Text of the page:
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New York Times, Wednesday, April 19, 2017

Author: Emanuel Ax and Brad Wilber
Editor: Will Shortz
Emanuel Ax
TotalDebutCollabs
14/19/20171
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0001000
ScrabbleRebusCirclePangram
1.59000
Brad Wilber
TotalDebutLatestCollabs
512/19/200510/21/201725
SunMonTueWedThuFriSat
001201434
ScrabbleRebusCirclePangram
1.60001

This puzzle:

Rows: 15, Columns: 15 Words: 71, Blocks: 37 Missing: {XZ} Grid is asymmetric This is the debut puzzle for Mr. Ax This is puzzle # 50 for Mr. Wilber. NYT links: Across Lite PDF
Notepad: CELEBRITY CROSSWORD
To mark the 75th anniversary of the New York Times crossword, which debuted in 1942, we are publishing a series of puzzles co-created by famous people who solve the Times crossword, working together with regular Times puzzle contributors.

This collaboration is by the Grammy-winning classical pianist Emanuel Ax, who also teaches at the Juilliard School, working with Brad Wilber, a reference librarian at Houghton College in upstate New York. This is Brad's 50th puzzle for The Times.

The celebrity collaborations will continue periodically through the year.

More information about the making of today's puzzle appears in the Times's daily crossword column (nytimes.com/column/wordplay).
Constructor notes: AX: I have been a passionate devotee of the Times puzzle for more years than I can count. When I travel, the daily puzzle is one ... more
Constructor notes:

AX: I have been a passionate devotee of the Times puzzle for more years than I can count. When I travel, the daily puzzle is one of the things that makes me feel close to home. I am also very happy that my children seem to have caught the bug, and are far better than me at solving. Getting to try to make one for the great Will Shortz has been a true highlight for me, and I am grateful to Brad for his expertise, inspiration and patience.

WILBER: I minored in applied piano at college, and I'm still occasionally a church player, though when Will paired me with Mr. Ax ("call me Manny") he was only aware that I had a general classical music bent. I wanted a theme with some musical component, if possible, and once we sketched out a decent idea, Will and Joel had the brainstorm of the visual grid element and deftly tweaked the roster of theme entries to allow them to cross, thus clearing the middle.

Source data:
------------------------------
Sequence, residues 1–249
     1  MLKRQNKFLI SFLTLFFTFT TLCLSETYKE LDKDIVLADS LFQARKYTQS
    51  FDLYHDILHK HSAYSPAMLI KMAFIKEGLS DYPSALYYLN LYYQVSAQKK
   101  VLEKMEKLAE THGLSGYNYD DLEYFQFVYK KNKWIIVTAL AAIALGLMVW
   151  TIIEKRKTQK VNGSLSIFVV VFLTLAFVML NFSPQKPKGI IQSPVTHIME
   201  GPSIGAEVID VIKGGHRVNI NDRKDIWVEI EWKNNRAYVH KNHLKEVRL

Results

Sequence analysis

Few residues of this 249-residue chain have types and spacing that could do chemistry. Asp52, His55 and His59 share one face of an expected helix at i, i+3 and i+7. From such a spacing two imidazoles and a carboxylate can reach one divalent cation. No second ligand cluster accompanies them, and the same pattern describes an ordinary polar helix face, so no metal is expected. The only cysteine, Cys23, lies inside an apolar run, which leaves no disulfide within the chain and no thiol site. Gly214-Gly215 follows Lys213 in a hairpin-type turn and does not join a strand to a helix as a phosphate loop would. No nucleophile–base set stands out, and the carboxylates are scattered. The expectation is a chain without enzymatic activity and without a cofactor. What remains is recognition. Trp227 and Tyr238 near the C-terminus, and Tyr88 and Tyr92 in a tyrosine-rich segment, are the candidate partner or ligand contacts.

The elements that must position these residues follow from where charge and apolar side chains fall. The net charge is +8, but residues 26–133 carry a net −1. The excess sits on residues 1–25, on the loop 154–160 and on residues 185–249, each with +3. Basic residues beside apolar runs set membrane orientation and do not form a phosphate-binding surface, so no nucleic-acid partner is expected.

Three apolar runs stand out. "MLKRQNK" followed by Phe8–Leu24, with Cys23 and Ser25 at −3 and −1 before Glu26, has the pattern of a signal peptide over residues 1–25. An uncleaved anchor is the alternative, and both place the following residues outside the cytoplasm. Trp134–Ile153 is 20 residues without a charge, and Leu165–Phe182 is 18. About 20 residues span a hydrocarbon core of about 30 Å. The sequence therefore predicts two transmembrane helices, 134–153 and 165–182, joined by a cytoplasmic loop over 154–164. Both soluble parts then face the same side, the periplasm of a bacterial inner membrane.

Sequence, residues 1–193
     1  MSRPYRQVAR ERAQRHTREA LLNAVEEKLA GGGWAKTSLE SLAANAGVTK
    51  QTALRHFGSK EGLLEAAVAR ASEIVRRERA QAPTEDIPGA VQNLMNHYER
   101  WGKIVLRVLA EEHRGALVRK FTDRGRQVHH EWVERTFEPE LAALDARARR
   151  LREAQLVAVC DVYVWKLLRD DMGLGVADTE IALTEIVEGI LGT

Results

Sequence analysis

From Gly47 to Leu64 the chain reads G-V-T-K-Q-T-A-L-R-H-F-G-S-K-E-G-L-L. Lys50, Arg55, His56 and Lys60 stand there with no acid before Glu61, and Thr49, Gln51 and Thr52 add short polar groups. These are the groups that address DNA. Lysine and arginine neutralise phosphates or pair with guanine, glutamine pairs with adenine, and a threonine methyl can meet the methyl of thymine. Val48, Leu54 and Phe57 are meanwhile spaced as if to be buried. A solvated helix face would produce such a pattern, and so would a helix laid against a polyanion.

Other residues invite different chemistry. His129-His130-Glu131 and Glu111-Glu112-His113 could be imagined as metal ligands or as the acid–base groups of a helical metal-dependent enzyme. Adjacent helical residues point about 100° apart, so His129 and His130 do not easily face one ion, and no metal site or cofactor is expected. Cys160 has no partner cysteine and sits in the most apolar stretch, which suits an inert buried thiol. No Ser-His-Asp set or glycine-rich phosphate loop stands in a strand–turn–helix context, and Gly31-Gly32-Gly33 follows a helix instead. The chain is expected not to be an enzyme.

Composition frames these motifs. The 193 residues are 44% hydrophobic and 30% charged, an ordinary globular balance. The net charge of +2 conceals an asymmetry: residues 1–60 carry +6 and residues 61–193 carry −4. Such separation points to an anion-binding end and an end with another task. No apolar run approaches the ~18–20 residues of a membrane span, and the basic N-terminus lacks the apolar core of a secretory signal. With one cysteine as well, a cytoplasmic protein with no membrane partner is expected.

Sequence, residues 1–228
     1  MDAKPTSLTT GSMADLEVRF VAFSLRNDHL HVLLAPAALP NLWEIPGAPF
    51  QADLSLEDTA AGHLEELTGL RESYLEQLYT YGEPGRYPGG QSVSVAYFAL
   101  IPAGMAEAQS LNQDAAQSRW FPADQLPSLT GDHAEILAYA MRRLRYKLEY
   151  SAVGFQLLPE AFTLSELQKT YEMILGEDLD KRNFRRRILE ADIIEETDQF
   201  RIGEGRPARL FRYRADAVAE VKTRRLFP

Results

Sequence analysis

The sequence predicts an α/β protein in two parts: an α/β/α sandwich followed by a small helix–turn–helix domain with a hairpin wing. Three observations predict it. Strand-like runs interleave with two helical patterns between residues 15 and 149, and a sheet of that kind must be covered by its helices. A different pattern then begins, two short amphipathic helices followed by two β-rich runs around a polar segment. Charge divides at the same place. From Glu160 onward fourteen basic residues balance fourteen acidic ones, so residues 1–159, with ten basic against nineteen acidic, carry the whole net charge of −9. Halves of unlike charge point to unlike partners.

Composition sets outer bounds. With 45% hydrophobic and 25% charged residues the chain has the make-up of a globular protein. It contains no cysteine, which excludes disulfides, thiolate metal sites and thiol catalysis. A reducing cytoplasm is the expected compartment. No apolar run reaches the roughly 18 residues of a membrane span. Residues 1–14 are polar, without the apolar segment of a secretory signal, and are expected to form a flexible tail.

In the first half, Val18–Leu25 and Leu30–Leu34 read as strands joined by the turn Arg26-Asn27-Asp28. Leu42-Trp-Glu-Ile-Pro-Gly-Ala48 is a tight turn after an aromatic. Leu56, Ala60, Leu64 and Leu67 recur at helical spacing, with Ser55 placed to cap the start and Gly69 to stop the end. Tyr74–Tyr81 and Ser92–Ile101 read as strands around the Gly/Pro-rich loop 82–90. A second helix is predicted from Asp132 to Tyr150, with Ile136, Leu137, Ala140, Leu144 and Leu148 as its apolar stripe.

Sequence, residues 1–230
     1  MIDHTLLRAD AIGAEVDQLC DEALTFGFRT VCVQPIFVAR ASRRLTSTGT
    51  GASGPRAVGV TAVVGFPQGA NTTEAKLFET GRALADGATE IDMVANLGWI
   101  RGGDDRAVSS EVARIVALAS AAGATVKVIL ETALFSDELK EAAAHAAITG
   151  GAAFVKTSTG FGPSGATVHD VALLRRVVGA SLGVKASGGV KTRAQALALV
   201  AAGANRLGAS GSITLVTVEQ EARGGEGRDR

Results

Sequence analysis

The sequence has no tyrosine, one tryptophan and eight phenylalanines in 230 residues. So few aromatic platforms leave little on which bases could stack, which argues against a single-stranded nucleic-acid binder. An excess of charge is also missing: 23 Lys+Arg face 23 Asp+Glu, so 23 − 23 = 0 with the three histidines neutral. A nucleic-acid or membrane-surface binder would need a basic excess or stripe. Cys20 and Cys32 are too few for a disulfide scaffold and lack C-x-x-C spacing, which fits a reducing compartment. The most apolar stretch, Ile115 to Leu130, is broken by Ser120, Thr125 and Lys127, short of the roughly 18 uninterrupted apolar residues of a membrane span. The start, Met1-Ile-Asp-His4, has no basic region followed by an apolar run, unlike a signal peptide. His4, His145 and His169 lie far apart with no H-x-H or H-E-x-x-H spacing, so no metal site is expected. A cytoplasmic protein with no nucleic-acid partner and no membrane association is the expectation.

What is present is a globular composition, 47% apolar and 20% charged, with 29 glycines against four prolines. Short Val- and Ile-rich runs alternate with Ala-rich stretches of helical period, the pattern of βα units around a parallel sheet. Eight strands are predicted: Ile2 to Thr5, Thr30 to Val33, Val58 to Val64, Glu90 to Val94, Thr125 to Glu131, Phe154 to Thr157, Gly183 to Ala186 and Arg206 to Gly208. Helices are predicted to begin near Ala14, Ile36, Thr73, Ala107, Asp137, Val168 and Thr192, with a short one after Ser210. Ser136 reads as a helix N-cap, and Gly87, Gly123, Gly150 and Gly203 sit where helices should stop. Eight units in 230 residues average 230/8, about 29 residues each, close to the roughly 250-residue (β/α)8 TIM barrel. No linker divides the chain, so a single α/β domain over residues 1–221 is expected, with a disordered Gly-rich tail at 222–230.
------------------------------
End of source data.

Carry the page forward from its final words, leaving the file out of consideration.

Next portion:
Another frequent collaborator of mine, Doug Peterson, lent a hand with the nitty-gritty of grid design. Manny himself ably put crowning touches on the puzzle fill (including the revealer) and was game to do an even split of the clues. (I counseled against RUNS at 16A as a duplication of a theme entry, but I see it's back and I get it - TUNS or DUNS is not exactly commonplace.) After years of solving, Manny showed a nice affinity for New York Times style, I think - my favorites are 1A, 23A, 32A, 53D.

We worked over e-mail and by telephone, sometimes from wherever he was performing (Brahms concerto no. 2 in Milwaukee, Beethoven concerto no. 2 in Detroit, etc.), and more recently from his home as he was premiering the HK Gruber concerto with the New York Philharmonic.

Given my puzzle bylines over the last several years, you might correctly surmise that I derive lots of satisfaction from co-authoring, and this was one I won't soon forget. Beyond the joys of connecting with Manny and his enthusiasm, it's a special way for me to mark my 50th appearance in the Times, as Will mentions in his intro.

Jeff Chen notes: Love, love, love that Emanuel Ax and Brad teamed up to make a crossword related so closely to their lives! Visuals in crosswords can ... more
Jeff Chen notes:

Love, love, love that Emanuel Ax and Brad teamed up to make a crossword related so closely to their lives! Visuals in crosswords can be so much fun — the musical eighth note made of black squares delighted me. It has been done before (Liz is a violist!), but it's still neat.

"Words that can follow X" puzzles have fallen by the wayside, so if you're going to go down that well-worn road, I think it's important to do something above and beyond. The musical note visual helped in that regard.